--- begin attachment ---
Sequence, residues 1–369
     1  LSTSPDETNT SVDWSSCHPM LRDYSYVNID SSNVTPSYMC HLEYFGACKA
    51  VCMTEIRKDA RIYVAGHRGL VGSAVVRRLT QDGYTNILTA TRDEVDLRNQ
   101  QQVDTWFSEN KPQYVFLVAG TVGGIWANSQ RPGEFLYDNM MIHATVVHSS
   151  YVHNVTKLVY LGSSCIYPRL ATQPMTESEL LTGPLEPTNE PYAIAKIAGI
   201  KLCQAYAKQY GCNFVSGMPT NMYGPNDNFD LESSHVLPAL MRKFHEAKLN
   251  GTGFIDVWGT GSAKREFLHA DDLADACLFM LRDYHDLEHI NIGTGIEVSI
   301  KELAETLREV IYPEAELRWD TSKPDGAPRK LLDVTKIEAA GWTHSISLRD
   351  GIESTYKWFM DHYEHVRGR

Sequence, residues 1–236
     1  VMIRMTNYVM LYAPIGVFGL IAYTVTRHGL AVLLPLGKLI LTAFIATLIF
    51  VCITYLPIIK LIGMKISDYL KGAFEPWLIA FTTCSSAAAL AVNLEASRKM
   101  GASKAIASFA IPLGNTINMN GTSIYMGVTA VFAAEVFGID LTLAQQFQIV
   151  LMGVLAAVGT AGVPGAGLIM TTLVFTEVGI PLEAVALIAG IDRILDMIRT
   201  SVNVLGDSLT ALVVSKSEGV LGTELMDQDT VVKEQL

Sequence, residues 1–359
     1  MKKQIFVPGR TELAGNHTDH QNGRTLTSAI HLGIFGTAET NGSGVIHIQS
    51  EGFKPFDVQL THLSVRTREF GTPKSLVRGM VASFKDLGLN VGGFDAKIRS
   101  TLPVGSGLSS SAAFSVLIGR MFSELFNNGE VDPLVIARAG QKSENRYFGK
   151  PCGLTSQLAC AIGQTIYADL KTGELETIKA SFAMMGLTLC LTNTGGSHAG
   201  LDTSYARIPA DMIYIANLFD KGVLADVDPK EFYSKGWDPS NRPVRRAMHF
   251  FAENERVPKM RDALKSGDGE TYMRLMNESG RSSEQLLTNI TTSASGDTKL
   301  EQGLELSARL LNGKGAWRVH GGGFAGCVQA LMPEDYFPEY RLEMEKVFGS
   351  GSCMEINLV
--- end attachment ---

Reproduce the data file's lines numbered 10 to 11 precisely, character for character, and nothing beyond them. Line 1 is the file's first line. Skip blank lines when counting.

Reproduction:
Sequence, residues 1–236
     1  VMIRMTNYVM LYAPIGVFGL IAYTVTRHGL AVLLPLGKLI LTAFIATLIF